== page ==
It’s a worrying time for many parents and children as they hear whether they’ve secured places in their chosen secondary school.

An article in the Guardian recently reported how many are going to miss out on the place of their choice in a crisis of shortages, particularly in inner cities.

Children and parents are understandably anxious that their child may have to take up a place in a secondary school where they feel less happy, or are split from their friendship group. And as a result some decide that it might be a time to reconsider home education.

Home educating older children can seem more daunting than with little ones where it’s a more natural progression after early years at home. So families with older children changing from school to home education find it takes a little more adjustment. But the home school community is growing, including those home educating teens. And there is increasing professional help available online through websites like this one, and instant access to most of the information a home learner would require. So it becomes a more realistic option than even a few years ago.

There are also a growing number of forums (Facebook is a good place to start) for parents who are home educating teenagers where resources are shared around. Parents can tap into the support and reassurance of knowing others also doing the same. Social networking makes it easy for teens to be in contact with others and for parents to find where group meetings take place. There are support groups for families taking their children through exams, what courses they use and which are best, how they achieve both the study and sit the exam as an independent candidate and how these are funded. Where once it seemed you’d have to home educate in isolation, this is no longer the case.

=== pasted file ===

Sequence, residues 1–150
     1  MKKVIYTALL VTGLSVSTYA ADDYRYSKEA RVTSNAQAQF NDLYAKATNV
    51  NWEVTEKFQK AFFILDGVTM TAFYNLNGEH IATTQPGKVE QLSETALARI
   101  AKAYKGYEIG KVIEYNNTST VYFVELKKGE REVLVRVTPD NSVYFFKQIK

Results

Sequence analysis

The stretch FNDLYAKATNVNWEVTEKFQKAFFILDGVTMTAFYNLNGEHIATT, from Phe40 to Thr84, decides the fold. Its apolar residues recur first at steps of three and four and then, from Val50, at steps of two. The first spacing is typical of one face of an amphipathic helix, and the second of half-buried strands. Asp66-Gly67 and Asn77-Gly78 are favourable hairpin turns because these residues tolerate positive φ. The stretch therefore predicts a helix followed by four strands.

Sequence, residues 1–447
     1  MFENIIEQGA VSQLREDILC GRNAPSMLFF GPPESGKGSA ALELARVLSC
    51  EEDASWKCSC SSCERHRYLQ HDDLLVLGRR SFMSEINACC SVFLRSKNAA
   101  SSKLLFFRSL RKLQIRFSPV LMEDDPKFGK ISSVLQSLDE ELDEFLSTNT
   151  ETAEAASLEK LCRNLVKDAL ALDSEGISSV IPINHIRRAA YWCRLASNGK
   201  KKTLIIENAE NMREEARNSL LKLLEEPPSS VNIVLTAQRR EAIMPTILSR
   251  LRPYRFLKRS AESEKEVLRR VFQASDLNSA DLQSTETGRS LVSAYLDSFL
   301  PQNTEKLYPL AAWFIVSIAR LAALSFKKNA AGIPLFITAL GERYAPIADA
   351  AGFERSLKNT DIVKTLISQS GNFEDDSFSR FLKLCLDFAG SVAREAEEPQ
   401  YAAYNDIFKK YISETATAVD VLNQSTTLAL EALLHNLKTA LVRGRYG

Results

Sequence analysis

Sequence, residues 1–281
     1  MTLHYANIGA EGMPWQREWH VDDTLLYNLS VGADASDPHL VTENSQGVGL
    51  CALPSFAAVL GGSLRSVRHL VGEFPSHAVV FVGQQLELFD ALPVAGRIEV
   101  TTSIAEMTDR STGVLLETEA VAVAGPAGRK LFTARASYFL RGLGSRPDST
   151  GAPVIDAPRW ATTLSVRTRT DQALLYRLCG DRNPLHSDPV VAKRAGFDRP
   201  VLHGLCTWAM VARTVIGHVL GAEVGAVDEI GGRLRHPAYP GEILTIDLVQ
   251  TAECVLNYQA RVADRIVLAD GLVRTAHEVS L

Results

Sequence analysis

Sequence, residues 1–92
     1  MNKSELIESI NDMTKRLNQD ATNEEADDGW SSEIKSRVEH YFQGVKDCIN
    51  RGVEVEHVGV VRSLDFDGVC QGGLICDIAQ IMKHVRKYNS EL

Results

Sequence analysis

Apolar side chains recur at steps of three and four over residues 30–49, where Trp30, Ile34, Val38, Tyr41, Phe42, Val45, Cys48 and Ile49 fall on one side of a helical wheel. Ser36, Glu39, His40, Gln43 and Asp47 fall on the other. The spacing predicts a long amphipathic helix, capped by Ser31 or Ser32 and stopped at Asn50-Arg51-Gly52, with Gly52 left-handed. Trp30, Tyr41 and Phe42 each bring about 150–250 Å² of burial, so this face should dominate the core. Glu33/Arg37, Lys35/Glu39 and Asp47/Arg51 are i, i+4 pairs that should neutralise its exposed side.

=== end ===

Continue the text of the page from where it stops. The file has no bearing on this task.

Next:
I’ve recently been talking to home schooling families who have chosen this route and done so very successfully. They take a range of approaches to achieve what they want to achieve, some more structured using guided courses or subject tutors, others work more autonomously finding that with a well written course (one parent referred to the NEC courses) their young person was able to achieve a good result virtually unaided, apart from occasional discussion of topics that were harder to understand. And the young people felt that it was a far less stressful environment in which to achieve and enjoyed working for themselves. Others decide not to do these qualifications yet still progress into work.

Another interesting point made was that children in schools are extremely pressured in taking a high number of GCSEs, yet most universities only require five. And although there is obviously competition for places at uni, having a huge number doesn’t guarantee a place. Those home educated children I know who applied with five, plus A Levels (often taken at FE colleges), were given interviews and gained places with their first choice. Having less of that pressure has the added benefit of allowing the young people time to develop a variety of other interests and skills making a more rounded education and personality.

So if your child missed the secondary school of their choice you might like to investigate this option further.


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Joseph is a French and Spanish to English translator, language enthusiast, and blogger.